After work and on the weekends, I often take our boys on neighborhood adventures — to the playground, to the carousel, to the bookstore, to the deli to get popsicles. And, even though these outings are fun, I’ve found that, en route, I’m constantly calling after them: “Hurry up, sweetie!” “Let’s go!” “Keep walking!” “Come on, honey, follow me!”
One recent evening, I even challenged myself not to tell them any instructions for the next minute. And it made me realize how often I did — 60 seconds was hard to get through! The funny thing is, usually we’re not even in a rush. As an adult, I move at a faster pace than they do, and I’m also not great, generally, at relaxing, even on my own time. So, when Anton stops to examine a bicycle pedal or spots an ant on the ground or Toby walks slowly and dreamily down the block, I instinctively tell them to c’mon and come along.
The other day, I read a Boston Globe article about slow parenting, and it really resonated with me:
“I encourage parents to take some time to just watch their children, whether they are playing, doing homework, or eating a snack,” [John Duffy, a clinical psychologist and author of The Available Parent] says. “Take a moment to drink them in. Remember and remind yourself how remarkable your children are. That pause alone, even if momentary, can drive a shift in the pace”…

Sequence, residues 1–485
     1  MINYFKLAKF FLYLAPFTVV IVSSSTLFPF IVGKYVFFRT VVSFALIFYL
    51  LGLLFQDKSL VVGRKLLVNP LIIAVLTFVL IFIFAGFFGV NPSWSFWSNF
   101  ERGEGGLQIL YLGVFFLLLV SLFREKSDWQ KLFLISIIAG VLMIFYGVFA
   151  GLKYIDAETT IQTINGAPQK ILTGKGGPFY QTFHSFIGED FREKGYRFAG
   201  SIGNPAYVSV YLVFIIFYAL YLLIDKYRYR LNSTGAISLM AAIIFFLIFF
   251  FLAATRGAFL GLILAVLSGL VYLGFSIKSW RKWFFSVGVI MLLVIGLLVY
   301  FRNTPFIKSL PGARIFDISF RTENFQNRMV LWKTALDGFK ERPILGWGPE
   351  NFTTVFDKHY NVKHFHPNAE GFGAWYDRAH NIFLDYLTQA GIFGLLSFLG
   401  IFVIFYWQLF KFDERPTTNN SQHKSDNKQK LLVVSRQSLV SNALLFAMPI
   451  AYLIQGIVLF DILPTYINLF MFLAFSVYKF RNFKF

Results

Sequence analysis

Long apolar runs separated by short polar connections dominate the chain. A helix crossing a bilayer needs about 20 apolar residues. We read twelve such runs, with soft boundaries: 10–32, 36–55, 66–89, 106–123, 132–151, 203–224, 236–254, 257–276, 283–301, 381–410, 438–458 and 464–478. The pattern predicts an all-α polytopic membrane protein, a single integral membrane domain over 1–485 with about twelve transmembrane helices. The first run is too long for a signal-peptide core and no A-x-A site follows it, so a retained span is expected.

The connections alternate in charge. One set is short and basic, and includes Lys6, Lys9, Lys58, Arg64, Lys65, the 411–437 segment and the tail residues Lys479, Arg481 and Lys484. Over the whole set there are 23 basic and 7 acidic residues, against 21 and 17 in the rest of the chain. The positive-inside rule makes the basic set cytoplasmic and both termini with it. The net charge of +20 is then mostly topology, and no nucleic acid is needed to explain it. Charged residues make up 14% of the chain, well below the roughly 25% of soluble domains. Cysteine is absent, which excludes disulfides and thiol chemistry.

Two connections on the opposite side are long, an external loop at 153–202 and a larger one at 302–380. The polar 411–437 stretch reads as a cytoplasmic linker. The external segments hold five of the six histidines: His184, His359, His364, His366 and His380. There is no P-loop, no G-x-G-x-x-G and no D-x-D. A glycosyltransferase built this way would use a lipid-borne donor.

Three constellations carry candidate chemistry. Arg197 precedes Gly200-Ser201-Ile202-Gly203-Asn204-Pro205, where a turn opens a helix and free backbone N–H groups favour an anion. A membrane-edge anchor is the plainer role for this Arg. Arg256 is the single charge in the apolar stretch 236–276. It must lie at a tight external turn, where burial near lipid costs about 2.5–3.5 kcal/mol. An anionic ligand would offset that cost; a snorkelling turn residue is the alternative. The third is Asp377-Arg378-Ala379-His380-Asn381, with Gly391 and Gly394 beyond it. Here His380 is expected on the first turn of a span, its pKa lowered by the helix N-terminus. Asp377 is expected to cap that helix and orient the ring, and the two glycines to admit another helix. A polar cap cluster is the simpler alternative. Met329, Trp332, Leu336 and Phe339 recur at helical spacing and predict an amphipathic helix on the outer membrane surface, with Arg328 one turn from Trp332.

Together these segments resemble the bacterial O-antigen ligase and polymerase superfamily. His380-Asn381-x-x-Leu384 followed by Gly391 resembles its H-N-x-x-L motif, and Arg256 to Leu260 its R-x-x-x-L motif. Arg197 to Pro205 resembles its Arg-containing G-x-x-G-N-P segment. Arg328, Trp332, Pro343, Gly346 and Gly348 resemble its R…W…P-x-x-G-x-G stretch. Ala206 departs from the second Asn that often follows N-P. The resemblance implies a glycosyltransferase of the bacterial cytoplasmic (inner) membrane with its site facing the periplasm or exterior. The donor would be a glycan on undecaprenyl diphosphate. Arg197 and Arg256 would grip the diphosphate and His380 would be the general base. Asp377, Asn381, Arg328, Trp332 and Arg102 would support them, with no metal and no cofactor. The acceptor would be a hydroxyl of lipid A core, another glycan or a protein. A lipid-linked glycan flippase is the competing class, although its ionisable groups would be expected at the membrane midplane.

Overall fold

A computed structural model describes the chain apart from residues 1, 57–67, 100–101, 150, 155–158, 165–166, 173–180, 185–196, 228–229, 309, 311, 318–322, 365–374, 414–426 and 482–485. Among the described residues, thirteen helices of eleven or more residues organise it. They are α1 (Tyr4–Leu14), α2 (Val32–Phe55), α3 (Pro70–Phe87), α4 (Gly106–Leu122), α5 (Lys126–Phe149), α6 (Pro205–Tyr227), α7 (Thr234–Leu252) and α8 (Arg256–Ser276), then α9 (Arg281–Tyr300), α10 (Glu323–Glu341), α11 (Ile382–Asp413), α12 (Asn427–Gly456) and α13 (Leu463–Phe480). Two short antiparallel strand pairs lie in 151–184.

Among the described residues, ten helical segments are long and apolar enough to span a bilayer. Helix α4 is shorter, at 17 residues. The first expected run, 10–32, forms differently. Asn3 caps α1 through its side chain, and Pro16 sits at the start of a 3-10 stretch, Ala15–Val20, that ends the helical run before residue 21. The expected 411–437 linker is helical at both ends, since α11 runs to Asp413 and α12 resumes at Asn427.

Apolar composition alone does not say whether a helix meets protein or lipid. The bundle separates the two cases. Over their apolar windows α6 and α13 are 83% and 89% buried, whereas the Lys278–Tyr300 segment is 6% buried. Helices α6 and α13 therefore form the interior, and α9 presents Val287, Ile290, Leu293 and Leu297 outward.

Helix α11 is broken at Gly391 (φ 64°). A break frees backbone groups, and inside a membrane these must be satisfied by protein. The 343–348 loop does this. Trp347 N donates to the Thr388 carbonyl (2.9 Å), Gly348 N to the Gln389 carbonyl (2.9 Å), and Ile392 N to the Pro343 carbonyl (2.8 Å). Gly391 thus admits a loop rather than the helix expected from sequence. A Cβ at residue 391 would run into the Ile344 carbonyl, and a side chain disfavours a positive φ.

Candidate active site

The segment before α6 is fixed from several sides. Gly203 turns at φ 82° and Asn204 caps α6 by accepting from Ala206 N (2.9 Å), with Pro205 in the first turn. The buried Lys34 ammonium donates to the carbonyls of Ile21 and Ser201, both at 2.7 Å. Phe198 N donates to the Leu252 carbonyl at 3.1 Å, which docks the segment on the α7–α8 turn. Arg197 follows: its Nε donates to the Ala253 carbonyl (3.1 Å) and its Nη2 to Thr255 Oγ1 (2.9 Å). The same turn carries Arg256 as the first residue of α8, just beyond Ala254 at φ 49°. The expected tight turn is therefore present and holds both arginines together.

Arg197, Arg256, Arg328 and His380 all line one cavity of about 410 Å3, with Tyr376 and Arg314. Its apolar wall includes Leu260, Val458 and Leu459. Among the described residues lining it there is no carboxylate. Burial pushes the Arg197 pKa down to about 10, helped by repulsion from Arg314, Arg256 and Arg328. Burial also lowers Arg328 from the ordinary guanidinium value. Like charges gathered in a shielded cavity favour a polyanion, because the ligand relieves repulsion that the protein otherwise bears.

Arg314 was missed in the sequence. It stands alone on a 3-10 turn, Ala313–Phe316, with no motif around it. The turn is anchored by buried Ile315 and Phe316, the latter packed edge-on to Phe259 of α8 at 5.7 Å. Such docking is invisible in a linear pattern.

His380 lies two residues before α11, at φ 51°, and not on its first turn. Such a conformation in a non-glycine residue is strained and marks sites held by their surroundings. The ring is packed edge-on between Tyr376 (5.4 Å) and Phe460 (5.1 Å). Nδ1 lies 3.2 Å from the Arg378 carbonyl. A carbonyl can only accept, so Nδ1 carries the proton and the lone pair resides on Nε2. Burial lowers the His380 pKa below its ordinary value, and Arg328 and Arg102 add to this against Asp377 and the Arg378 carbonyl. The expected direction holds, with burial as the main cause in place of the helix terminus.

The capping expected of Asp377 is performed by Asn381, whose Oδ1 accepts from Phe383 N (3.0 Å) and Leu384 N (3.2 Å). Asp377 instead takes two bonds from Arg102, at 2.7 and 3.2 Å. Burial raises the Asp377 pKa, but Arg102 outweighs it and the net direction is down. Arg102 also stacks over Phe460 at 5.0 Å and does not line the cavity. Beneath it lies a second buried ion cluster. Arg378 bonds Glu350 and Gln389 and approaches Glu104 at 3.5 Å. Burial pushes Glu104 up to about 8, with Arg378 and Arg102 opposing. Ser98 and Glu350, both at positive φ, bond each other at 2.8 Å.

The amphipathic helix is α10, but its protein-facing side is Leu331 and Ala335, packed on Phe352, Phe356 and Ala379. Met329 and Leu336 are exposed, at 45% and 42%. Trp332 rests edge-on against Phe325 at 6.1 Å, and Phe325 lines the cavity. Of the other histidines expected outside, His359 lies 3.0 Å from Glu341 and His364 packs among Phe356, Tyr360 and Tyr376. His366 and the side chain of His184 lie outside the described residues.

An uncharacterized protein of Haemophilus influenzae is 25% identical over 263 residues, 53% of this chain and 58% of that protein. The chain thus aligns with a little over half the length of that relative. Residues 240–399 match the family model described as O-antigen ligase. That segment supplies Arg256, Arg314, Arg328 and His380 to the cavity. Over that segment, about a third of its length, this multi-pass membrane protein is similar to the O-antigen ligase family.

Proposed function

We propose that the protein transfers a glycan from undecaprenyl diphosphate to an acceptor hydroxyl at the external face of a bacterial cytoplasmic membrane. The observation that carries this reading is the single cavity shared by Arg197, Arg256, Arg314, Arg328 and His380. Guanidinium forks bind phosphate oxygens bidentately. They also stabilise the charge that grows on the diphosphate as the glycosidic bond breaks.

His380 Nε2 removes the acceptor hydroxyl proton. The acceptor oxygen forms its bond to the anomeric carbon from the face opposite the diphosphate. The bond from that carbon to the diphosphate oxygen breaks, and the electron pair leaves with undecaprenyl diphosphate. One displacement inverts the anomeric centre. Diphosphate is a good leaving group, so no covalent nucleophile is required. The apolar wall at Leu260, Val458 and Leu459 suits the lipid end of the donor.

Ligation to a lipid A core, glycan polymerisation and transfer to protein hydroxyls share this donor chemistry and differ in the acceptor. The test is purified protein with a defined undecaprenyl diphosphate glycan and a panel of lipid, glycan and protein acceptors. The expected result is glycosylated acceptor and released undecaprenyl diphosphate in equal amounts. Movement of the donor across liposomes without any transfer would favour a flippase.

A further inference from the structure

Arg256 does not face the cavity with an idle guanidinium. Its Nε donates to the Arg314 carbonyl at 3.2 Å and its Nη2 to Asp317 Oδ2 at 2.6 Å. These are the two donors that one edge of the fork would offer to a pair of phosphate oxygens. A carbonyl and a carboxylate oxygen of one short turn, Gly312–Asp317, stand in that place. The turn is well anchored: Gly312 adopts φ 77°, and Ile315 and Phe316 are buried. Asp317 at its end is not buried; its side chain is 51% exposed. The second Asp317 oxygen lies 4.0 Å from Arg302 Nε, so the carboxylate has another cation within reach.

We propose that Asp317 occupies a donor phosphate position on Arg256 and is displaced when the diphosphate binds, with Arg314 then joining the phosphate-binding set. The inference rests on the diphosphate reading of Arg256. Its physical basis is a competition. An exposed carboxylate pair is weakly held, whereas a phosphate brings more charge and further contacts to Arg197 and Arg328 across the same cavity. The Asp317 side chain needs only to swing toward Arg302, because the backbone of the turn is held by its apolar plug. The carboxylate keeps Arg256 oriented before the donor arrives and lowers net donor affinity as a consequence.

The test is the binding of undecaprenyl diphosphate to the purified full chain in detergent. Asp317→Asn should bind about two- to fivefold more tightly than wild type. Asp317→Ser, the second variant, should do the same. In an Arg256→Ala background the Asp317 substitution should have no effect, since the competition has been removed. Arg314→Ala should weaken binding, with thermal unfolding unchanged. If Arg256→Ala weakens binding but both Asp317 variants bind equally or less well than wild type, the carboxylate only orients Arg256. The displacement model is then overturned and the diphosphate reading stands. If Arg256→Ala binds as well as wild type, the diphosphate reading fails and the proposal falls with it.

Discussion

“We don’t overschedule ourselves. My husband and I spend lots of time at home. My kids dig in the dirt and ride bikes, we blow bubbles and go to the beach,” says [Lindsay Miller, a mother of three boys, ages 2, 4, and 7]…
“These days when everyone is so busy, we need to be intentional about making space for family time…” Family time, says Contey [cofounder of Slow Family Living] is different for all of us. “You might say, ‘we’re all here on Thursday mornings, so let’s make a leisurely pancake breakfast’; or one night a week take a walk in the dark before bed. Something like that can feel really special and the kids will remember it as they get older”…
I loved that line about simply watching your children. The other day, the boys were taking a bath, and instead of cleaning up the room or scrubbing them down, I decided to look at them. I noticed how Anton’s hair sticks out to each side, like Doc from Back to the Future. And Toby was softly humming a tune, which I didn’t recognize at first, but then realized was “So Long, Farewell” from the Sound of Music. (“And you and you and you!”) And their round bellies and serious focus on bath toys broke my heart from the sweetness. And I could have just as easily missed it!
My approach has typically been to squeeze in fun outings with them, especially if I’ve been at work all day. But maybe it’s nice sometimes to not do anything.
This month, I’m inspired to slow down and let the boys take the lead. Maybe we’ll skip a carousel excursion and instead just walk around the block as slowly as they’d like. Maybe we’ll take an hour! We’ll notice little things (like those fascinating bike pedals) and say hi to neighbors and turn around and sit on a bench and NOT, under any circumstances, hurry up.
What about you? Do you factor in slow-paced time with your little ones? It’s not a groundbreaking realization, but it feels like it in the moment.